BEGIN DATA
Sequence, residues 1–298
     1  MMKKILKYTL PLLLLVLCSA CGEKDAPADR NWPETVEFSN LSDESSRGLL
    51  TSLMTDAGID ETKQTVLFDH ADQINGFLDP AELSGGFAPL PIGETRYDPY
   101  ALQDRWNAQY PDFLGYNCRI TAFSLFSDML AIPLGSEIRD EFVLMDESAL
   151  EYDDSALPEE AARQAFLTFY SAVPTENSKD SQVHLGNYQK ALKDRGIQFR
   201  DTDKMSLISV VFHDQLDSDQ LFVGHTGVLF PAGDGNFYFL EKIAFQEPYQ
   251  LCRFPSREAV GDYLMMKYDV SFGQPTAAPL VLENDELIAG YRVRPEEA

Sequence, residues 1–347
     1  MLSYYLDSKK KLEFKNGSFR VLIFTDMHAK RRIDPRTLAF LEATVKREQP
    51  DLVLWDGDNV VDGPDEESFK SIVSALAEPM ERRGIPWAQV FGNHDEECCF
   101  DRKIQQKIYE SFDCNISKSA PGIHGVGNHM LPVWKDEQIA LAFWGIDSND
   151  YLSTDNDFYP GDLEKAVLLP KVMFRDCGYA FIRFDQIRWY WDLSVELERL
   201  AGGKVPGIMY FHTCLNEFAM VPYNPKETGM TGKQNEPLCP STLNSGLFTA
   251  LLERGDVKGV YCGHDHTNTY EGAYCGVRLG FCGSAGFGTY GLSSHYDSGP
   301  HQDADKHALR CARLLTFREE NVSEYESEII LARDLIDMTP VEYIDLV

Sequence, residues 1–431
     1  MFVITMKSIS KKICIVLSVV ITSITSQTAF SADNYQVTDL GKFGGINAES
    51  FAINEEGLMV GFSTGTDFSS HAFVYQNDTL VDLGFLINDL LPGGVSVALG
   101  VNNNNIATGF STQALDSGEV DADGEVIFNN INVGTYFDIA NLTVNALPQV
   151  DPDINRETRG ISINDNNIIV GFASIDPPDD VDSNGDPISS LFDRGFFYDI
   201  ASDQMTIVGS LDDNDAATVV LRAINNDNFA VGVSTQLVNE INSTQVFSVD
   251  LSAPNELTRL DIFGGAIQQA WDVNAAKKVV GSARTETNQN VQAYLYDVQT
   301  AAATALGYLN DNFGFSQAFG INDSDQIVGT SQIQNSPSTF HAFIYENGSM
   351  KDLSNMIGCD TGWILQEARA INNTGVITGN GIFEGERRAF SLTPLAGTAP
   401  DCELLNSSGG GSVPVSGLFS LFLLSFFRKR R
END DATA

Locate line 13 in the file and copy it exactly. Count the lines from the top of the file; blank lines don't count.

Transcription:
   201  AGGKVPGIMY FHTCLNEFAM VPYNPKETGM TGKQNEPLCP STLNSGLFTA